So, when reading cat food labels, check calories and look for primarily meat products, rather than grains, among the first ingredients. Companies that make high-protein, yet low-calorie dry food include Royal Canin and Nestl Purina, notes Dr. Zoran.

The body composition of a mouse can provide guidelines to good feline nutrition. A mouse is nearly half protein, nearly half fat, less than 10 percent carbohydrates, and about 75 percent water.

“By contrast, dry cat foods average around 35 percent protein, up to 50 percent carbohydrates, and only 10 percent moisture,” says Dr. Perea. “Because cats have a short gastrointestinal tract, some carbohydrates can be hard for them to digest. So for cats with gastrointestinal problems, grain allergies, diabetes or weight problems, a low-carbohydrate diet makes sense.”

Another factor is protein.

Says Dr. Zoran, “Current research shows that a high-protein diet — one in which 45 percent of the calories come from protein — reduces fat, but preserves muscle mass. That’s essential to healthy weight loss.”

But, she cautions, “If you cut the amount of food in half, you’re also cutting the protein in half. Starting out with a high-protein diet helps balance this out.”

So, must you share your steak dinner with your cat? Or worse, go shopping for mice? Rest assured that high-protein, low-carbohydrate diets for your cat need not involve prime rib or rodents. Suitable cat foods can be found at your local pet supply store.

What’s in the can?
Canned food is one solution. It is composed of about 75 percent water, making it closer to the mouse model than dry food. A typical 5.5 ounce can of high-protein, low-carbohydrate food contains about 165 calories. That’s about what an average cat should consume each day. By contrast, many dry foods contain 500 calories per cup.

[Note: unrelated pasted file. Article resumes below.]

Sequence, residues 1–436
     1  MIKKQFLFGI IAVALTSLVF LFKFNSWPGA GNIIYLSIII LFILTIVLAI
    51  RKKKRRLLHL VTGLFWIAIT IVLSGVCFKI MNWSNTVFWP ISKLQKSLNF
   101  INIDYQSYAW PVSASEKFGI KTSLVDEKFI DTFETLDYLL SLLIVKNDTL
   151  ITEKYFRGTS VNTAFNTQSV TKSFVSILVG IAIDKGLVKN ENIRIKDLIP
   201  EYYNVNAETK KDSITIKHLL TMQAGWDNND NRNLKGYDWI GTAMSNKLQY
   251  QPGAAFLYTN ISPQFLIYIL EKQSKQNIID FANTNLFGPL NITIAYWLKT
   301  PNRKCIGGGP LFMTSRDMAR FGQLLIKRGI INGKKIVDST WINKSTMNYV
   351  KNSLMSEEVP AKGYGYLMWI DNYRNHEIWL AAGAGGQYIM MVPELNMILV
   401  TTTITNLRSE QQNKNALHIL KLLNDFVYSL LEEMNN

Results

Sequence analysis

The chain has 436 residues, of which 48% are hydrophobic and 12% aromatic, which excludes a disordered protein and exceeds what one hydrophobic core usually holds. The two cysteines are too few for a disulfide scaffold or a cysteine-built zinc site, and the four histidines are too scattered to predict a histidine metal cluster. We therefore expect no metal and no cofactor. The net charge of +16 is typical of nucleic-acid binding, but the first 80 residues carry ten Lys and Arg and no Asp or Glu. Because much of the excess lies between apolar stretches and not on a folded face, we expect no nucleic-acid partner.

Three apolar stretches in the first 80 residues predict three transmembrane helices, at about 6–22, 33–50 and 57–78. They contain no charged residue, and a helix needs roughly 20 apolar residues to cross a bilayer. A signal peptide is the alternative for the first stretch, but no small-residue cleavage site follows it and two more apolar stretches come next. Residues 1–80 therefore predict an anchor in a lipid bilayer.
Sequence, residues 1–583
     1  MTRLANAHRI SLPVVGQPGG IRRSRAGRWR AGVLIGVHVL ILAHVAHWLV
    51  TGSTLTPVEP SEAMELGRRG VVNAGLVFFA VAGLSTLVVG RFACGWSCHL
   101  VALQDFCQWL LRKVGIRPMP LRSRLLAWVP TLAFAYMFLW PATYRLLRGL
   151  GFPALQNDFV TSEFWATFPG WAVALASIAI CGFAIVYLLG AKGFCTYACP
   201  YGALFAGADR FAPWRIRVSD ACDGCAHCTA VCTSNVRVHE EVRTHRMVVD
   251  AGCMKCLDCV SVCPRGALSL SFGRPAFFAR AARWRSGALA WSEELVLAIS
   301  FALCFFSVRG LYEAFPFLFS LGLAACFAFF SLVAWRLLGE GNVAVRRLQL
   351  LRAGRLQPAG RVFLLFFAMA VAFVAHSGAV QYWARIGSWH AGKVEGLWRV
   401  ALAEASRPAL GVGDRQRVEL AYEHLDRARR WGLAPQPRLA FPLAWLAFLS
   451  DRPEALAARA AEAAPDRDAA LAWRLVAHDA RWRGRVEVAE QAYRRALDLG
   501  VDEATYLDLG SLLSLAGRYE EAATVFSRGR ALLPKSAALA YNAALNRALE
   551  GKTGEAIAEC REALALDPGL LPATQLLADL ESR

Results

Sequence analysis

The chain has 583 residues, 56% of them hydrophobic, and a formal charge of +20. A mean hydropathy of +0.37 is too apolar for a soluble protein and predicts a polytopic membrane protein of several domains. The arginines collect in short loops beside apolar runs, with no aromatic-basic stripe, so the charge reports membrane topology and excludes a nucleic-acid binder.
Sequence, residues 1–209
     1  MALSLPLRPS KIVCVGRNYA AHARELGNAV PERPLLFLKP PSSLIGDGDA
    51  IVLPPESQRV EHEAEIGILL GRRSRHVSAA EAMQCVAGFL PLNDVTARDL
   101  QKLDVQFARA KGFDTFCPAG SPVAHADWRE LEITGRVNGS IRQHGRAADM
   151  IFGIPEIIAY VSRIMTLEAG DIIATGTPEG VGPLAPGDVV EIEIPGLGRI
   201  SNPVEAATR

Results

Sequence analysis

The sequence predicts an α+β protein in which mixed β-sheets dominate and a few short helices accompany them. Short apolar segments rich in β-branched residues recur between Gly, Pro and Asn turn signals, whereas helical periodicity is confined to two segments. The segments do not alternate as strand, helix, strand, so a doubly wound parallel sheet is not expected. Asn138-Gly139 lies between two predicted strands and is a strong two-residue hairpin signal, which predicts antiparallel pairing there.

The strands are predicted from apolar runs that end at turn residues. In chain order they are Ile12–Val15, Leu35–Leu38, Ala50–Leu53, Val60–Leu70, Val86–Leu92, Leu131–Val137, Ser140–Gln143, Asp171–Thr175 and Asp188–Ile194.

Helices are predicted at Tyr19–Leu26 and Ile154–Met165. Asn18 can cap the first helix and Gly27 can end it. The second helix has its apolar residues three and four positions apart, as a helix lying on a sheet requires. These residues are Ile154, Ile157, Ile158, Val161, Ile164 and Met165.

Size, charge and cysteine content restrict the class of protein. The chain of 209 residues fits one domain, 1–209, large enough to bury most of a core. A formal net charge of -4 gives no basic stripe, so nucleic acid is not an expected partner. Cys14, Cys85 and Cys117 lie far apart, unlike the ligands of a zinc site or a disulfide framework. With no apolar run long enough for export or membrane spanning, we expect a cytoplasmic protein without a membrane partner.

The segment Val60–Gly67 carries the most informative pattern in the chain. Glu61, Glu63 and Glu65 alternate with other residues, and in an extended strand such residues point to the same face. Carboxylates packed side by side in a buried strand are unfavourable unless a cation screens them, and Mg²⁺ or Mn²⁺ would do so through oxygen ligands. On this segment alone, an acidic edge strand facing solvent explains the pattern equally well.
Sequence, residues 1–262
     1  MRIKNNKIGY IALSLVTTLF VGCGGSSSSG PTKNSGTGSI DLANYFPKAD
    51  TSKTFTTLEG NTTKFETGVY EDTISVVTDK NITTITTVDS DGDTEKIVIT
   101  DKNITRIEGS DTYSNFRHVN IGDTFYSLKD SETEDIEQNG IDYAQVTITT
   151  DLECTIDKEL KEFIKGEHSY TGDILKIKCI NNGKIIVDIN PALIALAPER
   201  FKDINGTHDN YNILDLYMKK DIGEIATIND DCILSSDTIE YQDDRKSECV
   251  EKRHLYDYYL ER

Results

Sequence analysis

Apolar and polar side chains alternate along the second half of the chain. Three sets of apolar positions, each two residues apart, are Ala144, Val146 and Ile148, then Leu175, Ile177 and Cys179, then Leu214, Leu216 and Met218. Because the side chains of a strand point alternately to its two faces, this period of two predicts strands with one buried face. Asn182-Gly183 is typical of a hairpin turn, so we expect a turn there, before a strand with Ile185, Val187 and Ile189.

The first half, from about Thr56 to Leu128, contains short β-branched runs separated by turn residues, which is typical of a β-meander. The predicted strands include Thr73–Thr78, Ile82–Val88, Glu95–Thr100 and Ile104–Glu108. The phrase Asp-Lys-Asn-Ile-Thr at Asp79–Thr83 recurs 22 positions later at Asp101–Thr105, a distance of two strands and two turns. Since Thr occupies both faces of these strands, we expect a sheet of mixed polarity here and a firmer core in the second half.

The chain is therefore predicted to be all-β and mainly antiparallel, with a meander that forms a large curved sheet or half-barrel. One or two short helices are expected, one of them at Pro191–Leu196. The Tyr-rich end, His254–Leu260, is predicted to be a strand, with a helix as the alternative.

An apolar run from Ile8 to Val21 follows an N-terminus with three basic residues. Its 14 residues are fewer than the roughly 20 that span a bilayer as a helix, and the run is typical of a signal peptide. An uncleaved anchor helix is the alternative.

“Some cats complain constantly if their rations are cut. This is hard on their owners, and can be a big obstruction to weight loss,” says Dr. Zoran. “Your cat will feel fuller on fewer calories with canned food than with dry food.”

But whatever diet you choose, recommends Dr. Perea, “Measure the amount you’re feeding, and be aware of how much your cat is eating.”

“My ultimate goal is not to treat obesity, but to prevent it,” says Dr. Zoran. “Three quarters of all household cats have constant access to food.”

She adds that obesity is much harder to reverse than to prevent.

“Few 25-pound cats will ever become normal-sized cats again,” she says. “Successful treatment is far more likely with a 15-pound cat.”

Since it’s not healthy for cats to lose more than four percent of their body weight per month, weight loss is by necessity a slow, tedious process — and sadly, many owners give up.

Don’t be one of them. Weight control is your cat’s ticket to a long, healthy life. Armed with knowledge, healthy food and willpower, you may discover your cat’s true slim — and healthy body shape.